5 Observations about Obama’s High-Tech summit: was it about jobs or foreign policy?

Ostensibly, US President Barack Obama met with the leaders of the high-tech industry to discuss the US economy and jobs creation. But what was the summit really about? Here are some of my own observations about it:

  • Jobs was one of the main topics of the summit but Jobs (Steven) was not a significant topic at the summit. Steve Jobs was indeed a participant and is lately the subject of much media scrutiny due to his illness; his presence at the summit was highlighted but was otherwise uneventful.
  • Mark Zuckerberg is hot. After being named Times Man of the Year and as the subject of a box office smash hit movie, Zuck is the man. But isn’t it a bit surprising that Obama invited the 26-year-old CEO of a startup that is not even an established company yet?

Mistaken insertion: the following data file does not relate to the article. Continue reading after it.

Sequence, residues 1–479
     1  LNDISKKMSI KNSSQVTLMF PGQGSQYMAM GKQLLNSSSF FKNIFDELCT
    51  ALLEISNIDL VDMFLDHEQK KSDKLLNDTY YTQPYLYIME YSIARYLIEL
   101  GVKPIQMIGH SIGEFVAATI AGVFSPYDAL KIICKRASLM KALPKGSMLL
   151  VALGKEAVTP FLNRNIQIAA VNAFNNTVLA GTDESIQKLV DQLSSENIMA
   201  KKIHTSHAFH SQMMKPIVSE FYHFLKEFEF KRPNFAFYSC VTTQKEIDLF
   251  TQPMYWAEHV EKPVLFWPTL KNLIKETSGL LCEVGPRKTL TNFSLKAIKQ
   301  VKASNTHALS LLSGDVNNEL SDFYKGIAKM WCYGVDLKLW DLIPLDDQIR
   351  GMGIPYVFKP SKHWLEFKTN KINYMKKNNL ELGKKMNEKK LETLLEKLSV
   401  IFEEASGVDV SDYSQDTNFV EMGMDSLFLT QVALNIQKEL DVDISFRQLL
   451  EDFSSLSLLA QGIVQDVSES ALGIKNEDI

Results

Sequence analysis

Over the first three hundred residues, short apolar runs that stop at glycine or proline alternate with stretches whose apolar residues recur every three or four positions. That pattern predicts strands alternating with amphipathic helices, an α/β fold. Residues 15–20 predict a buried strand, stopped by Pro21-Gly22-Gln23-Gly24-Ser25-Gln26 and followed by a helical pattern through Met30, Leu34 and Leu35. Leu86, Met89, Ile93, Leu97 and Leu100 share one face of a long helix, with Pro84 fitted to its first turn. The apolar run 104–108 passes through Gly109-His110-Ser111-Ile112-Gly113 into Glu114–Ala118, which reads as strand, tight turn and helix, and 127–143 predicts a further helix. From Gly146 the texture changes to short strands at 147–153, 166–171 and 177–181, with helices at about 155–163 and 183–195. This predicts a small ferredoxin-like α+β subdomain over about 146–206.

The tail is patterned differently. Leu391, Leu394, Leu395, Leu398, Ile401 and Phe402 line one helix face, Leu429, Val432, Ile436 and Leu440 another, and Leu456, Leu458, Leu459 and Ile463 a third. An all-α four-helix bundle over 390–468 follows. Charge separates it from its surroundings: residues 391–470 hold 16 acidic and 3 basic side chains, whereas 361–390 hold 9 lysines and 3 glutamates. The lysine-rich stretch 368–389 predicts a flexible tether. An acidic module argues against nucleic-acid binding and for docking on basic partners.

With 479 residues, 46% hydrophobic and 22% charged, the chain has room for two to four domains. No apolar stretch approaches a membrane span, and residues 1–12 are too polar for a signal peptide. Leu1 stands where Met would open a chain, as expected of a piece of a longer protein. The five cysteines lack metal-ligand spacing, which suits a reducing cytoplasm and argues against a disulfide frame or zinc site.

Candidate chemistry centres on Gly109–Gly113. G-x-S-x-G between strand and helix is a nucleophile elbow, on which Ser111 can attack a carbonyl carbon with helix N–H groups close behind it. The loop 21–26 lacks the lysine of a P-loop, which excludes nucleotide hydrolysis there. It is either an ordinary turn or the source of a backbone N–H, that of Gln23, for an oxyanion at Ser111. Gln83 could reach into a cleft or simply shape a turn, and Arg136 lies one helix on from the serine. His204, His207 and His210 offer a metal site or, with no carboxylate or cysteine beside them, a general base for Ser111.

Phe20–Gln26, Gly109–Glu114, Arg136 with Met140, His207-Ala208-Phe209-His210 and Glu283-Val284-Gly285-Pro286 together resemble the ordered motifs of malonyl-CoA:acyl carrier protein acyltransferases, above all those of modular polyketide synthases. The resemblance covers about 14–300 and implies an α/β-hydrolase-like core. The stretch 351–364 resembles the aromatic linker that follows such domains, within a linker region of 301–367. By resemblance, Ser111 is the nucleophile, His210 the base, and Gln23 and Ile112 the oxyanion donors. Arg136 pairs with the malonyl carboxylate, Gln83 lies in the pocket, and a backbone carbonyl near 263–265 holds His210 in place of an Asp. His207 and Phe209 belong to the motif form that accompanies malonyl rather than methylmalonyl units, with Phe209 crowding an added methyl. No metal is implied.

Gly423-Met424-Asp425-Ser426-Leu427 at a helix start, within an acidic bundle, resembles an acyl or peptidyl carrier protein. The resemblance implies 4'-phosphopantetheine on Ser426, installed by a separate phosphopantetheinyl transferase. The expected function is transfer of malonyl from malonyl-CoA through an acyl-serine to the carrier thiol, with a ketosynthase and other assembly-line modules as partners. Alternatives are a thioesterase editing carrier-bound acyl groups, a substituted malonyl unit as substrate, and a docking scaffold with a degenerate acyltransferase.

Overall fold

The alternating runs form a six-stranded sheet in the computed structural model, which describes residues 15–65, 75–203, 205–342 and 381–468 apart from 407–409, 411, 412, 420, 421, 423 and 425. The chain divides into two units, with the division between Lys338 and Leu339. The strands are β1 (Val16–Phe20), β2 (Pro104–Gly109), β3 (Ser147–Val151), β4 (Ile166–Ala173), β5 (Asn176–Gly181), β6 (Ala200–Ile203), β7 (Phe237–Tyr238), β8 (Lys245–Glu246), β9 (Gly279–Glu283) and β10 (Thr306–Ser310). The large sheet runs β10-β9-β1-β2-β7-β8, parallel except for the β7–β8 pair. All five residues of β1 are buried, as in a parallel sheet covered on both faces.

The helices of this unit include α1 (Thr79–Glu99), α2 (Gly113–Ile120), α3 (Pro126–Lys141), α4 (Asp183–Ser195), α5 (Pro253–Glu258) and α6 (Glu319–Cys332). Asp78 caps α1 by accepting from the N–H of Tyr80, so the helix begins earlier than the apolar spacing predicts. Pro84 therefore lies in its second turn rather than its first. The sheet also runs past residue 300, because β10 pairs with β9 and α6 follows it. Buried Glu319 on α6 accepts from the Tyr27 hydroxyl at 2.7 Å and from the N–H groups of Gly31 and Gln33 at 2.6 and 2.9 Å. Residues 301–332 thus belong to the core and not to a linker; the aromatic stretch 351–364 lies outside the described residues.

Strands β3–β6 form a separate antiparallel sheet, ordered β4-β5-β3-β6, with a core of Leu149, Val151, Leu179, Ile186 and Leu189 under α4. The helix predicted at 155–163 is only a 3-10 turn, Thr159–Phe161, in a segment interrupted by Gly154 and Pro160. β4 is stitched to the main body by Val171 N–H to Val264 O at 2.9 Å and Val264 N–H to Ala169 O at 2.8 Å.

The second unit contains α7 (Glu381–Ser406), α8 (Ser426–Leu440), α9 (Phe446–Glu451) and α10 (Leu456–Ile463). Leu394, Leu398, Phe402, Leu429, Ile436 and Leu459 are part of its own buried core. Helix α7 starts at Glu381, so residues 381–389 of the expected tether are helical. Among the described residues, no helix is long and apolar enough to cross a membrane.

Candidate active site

• Where were Page and Brin, the owners of Google? Why was Eric Schmidt, the soon to be ex-Google CEO, at the summit? I guess that Page and Brin did not want to go, or had better things to do with their time.
  • Who is sitting next to Obama? Jobs and Zuckerberg. Why Jobs and Zuckerberg?
  • Did Obama use the high-tech summit to promote social media as a tool to shape foreign policy? Facebook and Twitter were highly instrumental in the toppling of the regime in Egypt and in the unrest in other middle-eastern countries such as Iran, Libya and Yemen. By bringing social media to the center of US industry, by strengthening companies such as Facebook and Twitter, Obama may be trying to use this industry as a means to promote his global policy. That may be why Jobs and Zuckerberg were seated right next to the President. Jobs manufactures the leading communications device in the world (the iPhone) while Zuckerberg makes the software that help topples governments. Those and other high-tech platforms can be powerful foreign policy tools in the hands of a US President.